Warning: Doctors Can Be Bullies, Too

A few years ago my GP suggested I see a rheumatologist because I had some arthritis. I followed his advice.

The rheumatologist’s office had me get a bone scan and when I saw her afterwards, she said the scan showed serious osteoarthritis and that I needed to get on medication immediately. She handed me detailed brochures and told me to choose between two drugs before my follow-up visit. And she urged me to start taking mammoth amounts of a Calcium supplement. Right away.

When I got home and read the potential side effects of the two drugs, I was horrified. One of them could cause jaw necrosis, and the other had a very serious cancer risk. I did research on reputable medical web sites, and was not happy with the percentages. And the one that caused cancer could only safely be taken for three years. I wondered: what if you got cancer after two and a half years on this drug? Did Cancer have some kind of secret calendar?

It seemed crazy to me to play Russian Roulette like that.

On my return visit, the rheumatologist was outraged when I said I didn’t want to risk taking either drug. Her face grew cold and angry, and she hectored me when I talked about cancer risks. “They’re minor! Do you want to get out of bed one morning and break a leg?”

I don’t remember everything she said in her tirade because I was so shocked. I’d never been spoken to like that by a doctor before. Her attitude was utterly contemptuous and she acted as if I were a moron. I told her that I was not illiterate, and not opposed to medications per se, but that I’d read the brochures closely, weighed my chances, and just wasn’t ready to endanger my health with such dire possible side effects.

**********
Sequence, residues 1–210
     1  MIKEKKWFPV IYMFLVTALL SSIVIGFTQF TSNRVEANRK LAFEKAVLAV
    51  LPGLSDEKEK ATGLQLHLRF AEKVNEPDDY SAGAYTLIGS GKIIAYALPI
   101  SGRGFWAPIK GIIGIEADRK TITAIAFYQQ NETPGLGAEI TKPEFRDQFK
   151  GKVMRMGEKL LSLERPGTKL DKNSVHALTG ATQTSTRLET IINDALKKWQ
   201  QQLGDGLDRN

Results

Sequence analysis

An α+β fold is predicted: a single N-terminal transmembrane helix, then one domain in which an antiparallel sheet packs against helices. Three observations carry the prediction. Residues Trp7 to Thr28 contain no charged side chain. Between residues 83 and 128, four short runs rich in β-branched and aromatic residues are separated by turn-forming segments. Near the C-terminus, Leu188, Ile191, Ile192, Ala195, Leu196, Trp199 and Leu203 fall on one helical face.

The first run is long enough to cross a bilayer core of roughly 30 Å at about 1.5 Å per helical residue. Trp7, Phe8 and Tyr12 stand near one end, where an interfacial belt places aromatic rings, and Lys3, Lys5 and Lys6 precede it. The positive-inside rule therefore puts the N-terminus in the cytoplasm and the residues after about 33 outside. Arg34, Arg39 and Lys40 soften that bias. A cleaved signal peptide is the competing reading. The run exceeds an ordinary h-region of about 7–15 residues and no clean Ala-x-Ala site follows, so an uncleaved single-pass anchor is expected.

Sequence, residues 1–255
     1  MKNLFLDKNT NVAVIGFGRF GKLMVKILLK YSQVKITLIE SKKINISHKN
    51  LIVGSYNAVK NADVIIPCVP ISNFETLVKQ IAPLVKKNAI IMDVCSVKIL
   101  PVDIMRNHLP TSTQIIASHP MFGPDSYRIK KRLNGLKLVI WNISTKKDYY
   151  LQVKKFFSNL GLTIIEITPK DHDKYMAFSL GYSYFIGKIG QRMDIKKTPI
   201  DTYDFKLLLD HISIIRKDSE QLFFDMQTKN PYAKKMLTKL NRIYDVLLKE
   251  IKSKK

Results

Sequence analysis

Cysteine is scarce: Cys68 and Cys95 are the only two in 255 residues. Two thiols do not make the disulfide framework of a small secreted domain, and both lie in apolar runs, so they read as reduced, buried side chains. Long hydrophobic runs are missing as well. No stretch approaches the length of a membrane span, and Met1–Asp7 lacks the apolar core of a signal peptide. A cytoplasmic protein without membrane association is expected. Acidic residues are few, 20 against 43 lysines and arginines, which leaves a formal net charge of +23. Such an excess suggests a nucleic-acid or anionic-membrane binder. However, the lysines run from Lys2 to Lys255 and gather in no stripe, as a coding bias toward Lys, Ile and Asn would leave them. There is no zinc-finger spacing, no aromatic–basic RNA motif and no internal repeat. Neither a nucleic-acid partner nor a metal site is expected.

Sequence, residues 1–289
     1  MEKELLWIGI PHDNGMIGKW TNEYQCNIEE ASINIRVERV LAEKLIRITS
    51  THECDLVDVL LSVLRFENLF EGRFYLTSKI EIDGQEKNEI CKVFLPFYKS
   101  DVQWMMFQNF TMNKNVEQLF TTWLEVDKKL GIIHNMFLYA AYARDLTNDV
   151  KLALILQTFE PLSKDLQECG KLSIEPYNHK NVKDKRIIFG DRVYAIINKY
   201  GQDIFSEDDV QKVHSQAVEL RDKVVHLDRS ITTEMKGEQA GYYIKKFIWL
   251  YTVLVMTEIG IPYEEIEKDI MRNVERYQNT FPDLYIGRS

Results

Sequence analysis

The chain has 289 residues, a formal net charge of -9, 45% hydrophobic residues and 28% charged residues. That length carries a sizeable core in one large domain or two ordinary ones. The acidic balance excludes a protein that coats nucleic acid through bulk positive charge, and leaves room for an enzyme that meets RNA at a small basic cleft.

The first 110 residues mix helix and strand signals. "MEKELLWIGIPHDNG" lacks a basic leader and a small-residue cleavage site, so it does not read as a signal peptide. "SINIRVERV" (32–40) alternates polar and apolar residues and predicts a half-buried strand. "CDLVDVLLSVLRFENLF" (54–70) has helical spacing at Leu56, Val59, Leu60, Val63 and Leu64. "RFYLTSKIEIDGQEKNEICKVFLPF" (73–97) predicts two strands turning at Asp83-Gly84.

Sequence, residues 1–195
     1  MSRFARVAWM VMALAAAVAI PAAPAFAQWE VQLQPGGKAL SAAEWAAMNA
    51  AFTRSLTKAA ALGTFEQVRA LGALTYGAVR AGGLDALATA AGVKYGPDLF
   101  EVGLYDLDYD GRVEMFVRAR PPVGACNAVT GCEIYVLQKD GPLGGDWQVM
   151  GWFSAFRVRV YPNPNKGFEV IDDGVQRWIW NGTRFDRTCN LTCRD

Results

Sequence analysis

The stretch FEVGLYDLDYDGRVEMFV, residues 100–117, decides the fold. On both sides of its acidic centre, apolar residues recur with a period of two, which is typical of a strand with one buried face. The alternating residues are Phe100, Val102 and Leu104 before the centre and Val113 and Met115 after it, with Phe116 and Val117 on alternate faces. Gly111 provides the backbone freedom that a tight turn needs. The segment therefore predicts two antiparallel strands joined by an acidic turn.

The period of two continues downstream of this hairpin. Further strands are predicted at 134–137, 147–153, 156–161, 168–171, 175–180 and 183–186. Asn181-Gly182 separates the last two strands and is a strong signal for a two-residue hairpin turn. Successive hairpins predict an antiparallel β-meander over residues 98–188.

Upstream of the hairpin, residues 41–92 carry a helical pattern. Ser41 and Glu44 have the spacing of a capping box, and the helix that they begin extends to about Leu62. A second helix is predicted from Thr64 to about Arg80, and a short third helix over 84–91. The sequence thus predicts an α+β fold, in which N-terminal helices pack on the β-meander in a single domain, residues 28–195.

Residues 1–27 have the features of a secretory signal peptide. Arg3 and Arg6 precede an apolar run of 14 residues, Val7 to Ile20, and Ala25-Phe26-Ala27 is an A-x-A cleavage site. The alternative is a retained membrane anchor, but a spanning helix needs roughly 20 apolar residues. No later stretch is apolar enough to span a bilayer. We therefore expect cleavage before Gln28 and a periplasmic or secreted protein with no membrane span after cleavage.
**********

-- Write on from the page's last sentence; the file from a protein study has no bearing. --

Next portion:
Her answer? “If you change your mind, you know here to find me!” And she stormed out of the office. That is not hyperbole.

When her physician’s assistant came back to find out which drug I needed a prescription for, I said I wasn’t getting any prescription, and explained why. Very softly she said, “I wouldn’t take either one myself.”

I went to another rheumatologist who a friend had recommended, and the experience couldn’t have been more different. She said my bone scan was crap. Anything but dictatorial, she first took the most thorough medical history I had ever had, spending a good hour interviewing me before we talked about the scan. In her opinion, it clearly hadn’t been done by the right, well-qualified person and she showed me its flaws, point-by-point. Was I in danger of getting out of bed and breaking a leg? No way. Did I need massive daily doses of Calcium? She laughed.

I left feeling heard and relieved, and I also gave the first rheumatologist bad reviews on line.

After posting this blog yesterday, I learned that a friend’s mother had followed a doctor’s orders, and the huge amounts of Calcium she took were later diagnosed as the cause of the stroke she had that forced her to abandon a flourishing career.

Lev Raphael is the author of the historical novel Rosedale in Love, which upends Edith Wharton’s The House of Mirth, and 24 other books in genres from memoir to mystery.

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